Starting life over is never easy… whether it’s a new relationship, moving to a new country, or adjusting to a new job, change always brings about a sense of expectancy and a sense of loss. Which was exactly how I felt a year ago when I had to pack up my bags yet again and leave Vancouver to return to Singapore. I was just starting to feel like I had sunk roots into a place that had treated me well, a city that I have come to love and call home. And I was starting to build deep friendships with the locals, after having gone to grad school, pastry school and working at the best patisserie in the city with them. But change is inevitable and the grief it brings unavoidable. In order to cope during times of major transitions, we embrace the unknown while trying to preserve the life we’ve become all too familiar with. Well at least that was what I tried to do.
When I first got back from Canada, I literally had to rebuild home again. What that meant was we had to find a place to live, and then furnish it pretty much from scratch. Now guess what was the most important item on my list of things to get? I’ll give you a clue… it belongs in the kitchen. Yup, an oven. I mentioned in my previous post that ovens are a luxury in most Asian households, but in my home it is the single most-used piece of equipment. Plus, baking was the one thing that marked my life in Vancouver that I could carry on doing in Singapore, giving my life in transition a semblance of continuity and comfort. So I went in search for an oven and finally bought a $6K oven that allowed me to inject steam into the oven when I was baking breads. (Yes I know what you’re thinking, the cost of my oven is still the talk of the town amongst friends and relatives.) What’s the big deal with steam you ask? Professional bakers add steam in the first few minutes of bread baking in order to moisten the surface of the bread when it is placed in a hot oven. This prevents a crust from forming immediately, enabling the bread to rise quickly–a process we call “oven spring”. The initial burst of steam also helps the bread achieve that nice crispy crust that gourmet breads possess.
So being quite the oven snob I am, imagine my pleasant surprise when I discovered that the Panasonic NN-DS592B combi-microwave oven is not only a microwave, but also a steamer and convection oven which (yup, you guessed it!) can combine those functions and inject steam while baking bread!!! What’s more, it has a fermenting function that cuts down the time you would otherwise require for proofing bread. But what takes the cake for me is that while it has so many functions rolled into one sleek package, it only costs a fraction of what I paid for mine! Hmmm…..
Now this I had to see for myself, so I decided to make this ham and cheese swirl loaf using the 汤种 “tang zhong” method. It might seem a little complicated, but you are going to find the results so worth it. This Asian style milk bread is soft, fluffy, mildly sweet and so fragrant it can be eaten on its own. Roll in some ham and cheese and it can be a meal in itself!
汤种 “tang zhong” starter
25gm bread flour
125ml water (could be replaced by milk, or 50/50 water and milk)
1. Place flour and water in a saucepan. Over medium-low heat, stir the mixture continuously with a wooden spoon, whisk or spatula until the mixture becomes thick and gooey.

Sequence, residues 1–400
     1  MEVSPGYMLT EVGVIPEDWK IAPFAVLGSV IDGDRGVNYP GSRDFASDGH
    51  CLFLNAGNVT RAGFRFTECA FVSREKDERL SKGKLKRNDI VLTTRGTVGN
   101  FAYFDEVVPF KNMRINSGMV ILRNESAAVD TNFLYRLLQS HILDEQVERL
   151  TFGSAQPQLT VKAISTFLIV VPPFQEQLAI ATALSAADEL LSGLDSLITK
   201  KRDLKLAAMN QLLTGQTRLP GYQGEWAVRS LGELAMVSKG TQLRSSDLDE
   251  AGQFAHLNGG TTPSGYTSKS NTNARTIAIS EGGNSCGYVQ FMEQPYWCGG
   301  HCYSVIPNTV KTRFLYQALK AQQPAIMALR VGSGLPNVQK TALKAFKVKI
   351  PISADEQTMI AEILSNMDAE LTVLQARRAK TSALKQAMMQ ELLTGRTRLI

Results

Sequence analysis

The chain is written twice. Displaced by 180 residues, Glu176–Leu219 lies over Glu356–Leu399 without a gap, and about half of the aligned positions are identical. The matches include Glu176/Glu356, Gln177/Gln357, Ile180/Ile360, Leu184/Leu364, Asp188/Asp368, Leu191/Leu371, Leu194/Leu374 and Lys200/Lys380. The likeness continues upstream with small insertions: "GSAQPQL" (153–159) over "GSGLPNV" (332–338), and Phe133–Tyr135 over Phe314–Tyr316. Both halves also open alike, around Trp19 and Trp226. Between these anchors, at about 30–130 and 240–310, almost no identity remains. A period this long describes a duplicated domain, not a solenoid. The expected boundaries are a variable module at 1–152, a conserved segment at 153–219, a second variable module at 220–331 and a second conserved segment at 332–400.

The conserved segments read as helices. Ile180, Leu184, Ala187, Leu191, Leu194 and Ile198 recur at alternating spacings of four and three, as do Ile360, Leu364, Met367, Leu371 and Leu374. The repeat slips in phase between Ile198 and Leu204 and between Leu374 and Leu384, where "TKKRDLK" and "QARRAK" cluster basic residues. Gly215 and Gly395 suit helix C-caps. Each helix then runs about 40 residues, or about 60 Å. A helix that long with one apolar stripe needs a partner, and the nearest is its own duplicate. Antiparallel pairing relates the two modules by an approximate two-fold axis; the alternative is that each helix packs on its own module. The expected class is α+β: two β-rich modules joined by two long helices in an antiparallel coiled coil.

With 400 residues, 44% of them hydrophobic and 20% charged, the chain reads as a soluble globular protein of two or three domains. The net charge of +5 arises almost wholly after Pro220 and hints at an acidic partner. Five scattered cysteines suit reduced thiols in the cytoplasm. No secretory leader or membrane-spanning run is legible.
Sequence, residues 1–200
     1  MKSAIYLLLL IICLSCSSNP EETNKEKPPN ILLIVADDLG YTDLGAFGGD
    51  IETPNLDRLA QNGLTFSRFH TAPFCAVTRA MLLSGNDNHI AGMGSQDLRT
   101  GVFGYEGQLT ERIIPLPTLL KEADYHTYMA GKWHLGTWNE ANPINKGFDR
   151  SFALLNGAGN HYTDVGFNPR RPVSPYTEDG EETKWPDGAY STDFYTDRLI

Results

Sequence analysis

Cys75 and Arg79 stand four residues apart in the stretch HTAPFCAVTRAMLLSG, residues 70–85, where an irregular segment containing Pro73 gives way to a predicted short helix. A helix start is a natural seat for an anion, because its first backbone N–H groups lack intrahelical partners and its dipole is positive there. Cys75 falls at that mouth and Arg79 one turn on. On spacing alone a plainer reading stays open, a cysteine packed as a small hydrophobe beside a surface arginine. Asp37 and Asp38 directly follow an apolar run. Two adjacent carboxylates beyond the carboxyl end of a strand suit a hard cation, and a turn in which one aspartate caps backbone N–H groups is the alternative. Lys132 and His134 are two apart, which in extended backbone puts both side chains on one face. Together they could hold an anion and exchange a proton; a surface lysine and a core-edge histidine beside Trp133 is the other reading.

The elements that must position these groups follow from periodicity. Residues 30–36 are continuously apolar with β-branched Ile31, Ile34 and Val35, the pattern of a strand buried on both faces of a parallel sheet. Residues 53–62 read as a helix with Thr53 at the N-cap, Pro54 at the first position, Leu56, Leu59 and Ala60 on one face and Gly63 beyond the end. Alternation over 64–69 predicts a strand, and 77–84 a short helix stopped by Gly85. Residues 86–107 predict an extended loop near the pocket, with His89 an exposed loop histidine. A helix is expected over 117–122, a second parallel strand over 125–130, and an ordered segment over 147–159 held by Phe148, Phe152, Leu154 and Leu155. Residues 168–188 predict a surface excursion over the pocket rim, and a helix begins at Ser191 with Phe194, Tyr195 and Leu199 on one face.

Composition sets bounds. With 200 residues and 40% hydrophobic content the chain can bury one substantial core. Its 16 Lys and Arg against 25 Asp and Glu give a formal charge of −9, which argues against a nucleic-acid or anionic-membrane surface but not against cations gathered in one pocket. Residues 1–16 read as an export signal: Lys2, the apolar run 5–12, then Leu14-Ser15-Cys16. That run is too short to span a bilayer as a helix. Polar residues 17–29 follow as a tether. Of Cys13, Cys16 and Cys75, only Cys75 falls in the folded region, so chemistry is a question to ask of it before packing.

2. Turn off heat and transfer dough mixture into a clean bowl. Cling wrap directly on the surface of the dough to prevent it from drying. Set aside to cool to room temperature.
Ham and Cheese Milk Bread
Adapted from Christine’s Recipes
Yields: One 9″ loaf
350gm bread flour
1 large egg
7g (4 tsp) milk powder
125ml (½cup) milk
120gm tangzhong (from above)
6gm (2 tsp) instant yeast
30gm (2 tbsp) butter (room temperature)
4 slices of thinly sliced ham
a handful of cheddar/mozzarella cheese
1. Combine all ingredients except ham and cheese into the bowl of a mixer. Knead with a dough hook on low speed for 10 minutes. Then knead on medium speed for another 2-3 minutes until the dough is smooth and elastic.
2. Transfer the dough to a floured counter and shape the dough into a ball. Place dough ball in a lightly greased bowl and cover with cling wrap. Set aside in a warm place to ferment until the dough is double in size, about 90 minutes. Or use the ferment function in Panasonic combi-oven to shorten fermenting time to 60 minutes.
3. After fermenting, knock back the dough by punching the air bubbles out on a clean floured counter. Flatten and shape the dough into a rectangle slightly narrower than the length of your loaf pan. Lay ham on surface of the dough, sprinkle cheese on top, and then roll the dough gently toward you into a log. Place in loaf pan with the seam side down.
4. Proof the dough in the pan for another 45 minutes until 1 1/2 times the original size. Or use the ferment function in the Panasonic combi-oven to shorten ferment time to 30 minutes.
5. Egg wash the top by gently brushing some beaten egg on the surface. Meanwhile, preheat oven to 350F/180C.
6. Bake in a pre-heated 350F/180C oven, inject steam (if your oven can) in 3 bursts of 1 min each within the first 5 minutes. Bake for 30 to 40 minutes until crust is golden brown.
7. Remove from the oven and cool for 5 minutes. Take the loaf out of the tin and transfer onto a wire rack to let it cool completely.
8. When completely cooled, slice to serve or store in an airtight plastic bag or container.
p.s. This post is an entry for the Singapore Blog Awards 2013 Panasonic ‘Best Cooking Blog’ Competition. fait maison is one of the finalists in the ‘Best Cooking Blog’ category so pls pls pls support by casting your vote for me here daily. 🙂